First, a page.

I used to think if my child was crying, whining or generally complaining every time I pulled something out to work on that it meant something was wrong with the curriculum. I dumped and bought countless curriculum and programs because of it. Now I know that isn't one of the signs, at least not here at our homeschool.
I know something isn't working when there is 1) no retention, 2) no progress/child is beyond the material or, 3) no ability to grasp the assignment because the material is beyond the child. At our house crying or being bored with something doesn't mean it isn't worthwhile or not working. My 14 yo constantly complains about doing history because it isn't his thing, not because the 1 million programs I have presented to him aren't interesting. So, history isn't his thing, too bad, history is required at our school. I know the program we use is engrossing, thorough and varied enough to be engaging for most students. Now, science, that is his passion and he devours 200 page books in a 12-24 hour period. Books that I can't get past the first paragraph because, science isn't my penchant.
My 7 year old hates The Ordinary Parent's Guide to Teaching Reading, but it WORKS. He is learning to read. He may not fancy the curriculum, but he wants to read. The book has no pictures so it isn't visually appealing to him and it is repetitive in some ways, but it WORKS. I don't discard it because he complains. If he wasn't learning to read or never remembered anything we did on previous days, then I would toss it. He knows that he can read all the easy reader books he chooses at the library because the OPGTR has taught him to read with my guidance. When he gripes I remind him that in order to read all the things he wants to read that he must go through the reading lessons, and then he lets out a big sigh, rolls his eyes and says, "OK, let's do it." When we finish the OPGTR we will have a little celebration! He has that to look forward to.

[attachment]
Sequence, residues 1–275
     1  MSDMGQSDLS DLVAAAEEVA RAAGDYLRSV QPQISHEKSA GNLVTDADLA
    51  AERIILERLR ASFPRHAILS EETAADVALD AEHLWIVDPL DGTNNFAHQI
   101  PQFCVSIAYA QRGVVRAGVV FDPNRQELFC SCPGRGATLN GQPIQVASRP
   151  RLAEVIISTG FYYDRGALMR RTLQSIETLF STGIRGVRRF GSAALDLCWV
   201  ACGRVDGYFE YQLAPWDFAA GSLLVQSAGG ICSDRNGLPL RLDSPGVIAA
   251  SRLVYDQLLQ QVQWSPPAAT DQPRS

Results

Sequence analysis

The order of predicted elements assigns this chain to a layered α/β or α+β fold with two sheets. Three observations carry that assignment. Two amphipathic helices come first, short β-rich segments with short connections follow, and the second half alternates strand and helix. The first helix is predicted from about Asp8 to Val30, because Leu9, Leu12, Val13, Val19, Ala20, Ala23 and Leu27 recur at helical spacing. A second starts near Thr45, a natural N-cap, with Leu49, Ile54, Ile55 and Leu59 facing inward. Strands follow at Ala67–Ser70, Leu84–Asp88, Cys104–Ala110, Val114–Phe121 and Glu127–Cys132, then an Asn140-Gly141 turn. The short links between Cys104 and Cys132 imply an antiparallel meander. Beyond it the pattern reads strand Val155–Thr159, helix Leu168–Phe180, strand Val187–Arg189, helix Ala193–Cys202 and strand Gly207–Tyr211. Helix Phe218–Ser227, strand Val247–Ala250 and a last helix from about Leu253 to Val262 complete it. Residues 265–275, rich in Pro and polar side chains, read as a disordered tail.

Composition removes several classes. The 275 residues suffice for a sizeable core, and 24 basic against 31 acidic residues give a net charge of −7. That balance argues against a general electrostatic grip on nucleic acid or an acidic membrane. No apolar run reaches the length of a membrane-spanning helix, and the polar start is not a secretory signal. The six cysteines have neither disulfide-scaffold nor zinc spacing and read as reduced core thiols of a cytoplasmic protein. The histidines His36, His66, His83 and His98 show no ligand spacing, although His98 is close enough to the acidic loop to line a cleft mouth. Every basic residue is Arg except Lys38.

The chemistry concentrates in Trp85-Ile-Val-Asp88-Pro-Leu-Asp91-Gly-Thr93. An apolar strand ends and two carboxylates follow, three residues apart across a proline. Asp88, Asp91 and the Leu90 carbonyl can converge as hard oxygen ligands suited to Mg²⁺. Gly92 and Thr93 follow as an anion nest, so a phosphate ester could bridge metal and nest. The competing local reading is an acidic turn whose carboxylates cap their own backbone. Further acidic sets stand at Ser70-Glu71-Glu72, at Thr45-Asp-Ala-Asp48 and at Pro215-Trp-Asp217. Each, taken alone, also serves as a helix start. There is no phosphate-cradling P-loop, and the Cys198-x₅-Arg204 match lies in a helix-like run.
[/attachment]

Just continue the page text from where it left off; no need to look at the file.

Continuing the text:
I know my view may be a minority in the homeschool world because a lot of hs moms get rid of stuff that brings their kids to tears or because it isn't "fun." In my view, it doesn't always have to be fun and there are some kids who just flat out aren't passionate about learning and will never be pleased with anything other than non-school activities. I am not against fun and we have plenty of it, but I am an advocate of "sometimes in life we have to do stuff we don't like so later we can do the stuff we do like." I believe it is preparation for life and someday when my children come face to face with an experience they don't like, perhaps in their career, they will know they just have to plug on through and can't just quit. They could eventually quit when they find something more to their liking or when they complete something they committed to, however there is a lot to be said for being loyal, consistent and having a good attittude.
My approach this last year or so has saved me oodles of money because I am no longer "curriculum hopping." I hope I am not misunderstood. Changing a curriculum that truly isn't working isn't "curriculum hopping" but replacing curriculum every time a child complains may be. It may not be the curriculum that needs adjusting, it could be the child's attitude or behavior that needs to change. Changing because I don't care for it or because I am unwilling to discipline myself to teach it may not be setting the example I want to set. I had to get that perspective before I kept going down the road of buying and selling school books.
Of course there are situations where we have researched programs by asking lots of questions, looked at samples, asked about other's experience with it etc., and then we get it and it isn't what we thought it was. That's a different scenario. That still happens to me once in a while. Or, I change my mind about using something before we have purchased it, that has happened countless times, but I am not out any money in that instance and my child isn't affected.
Bottom line, the beauty of homeschooling is that we have choices. We know what is best for our families and we can decide accordingly.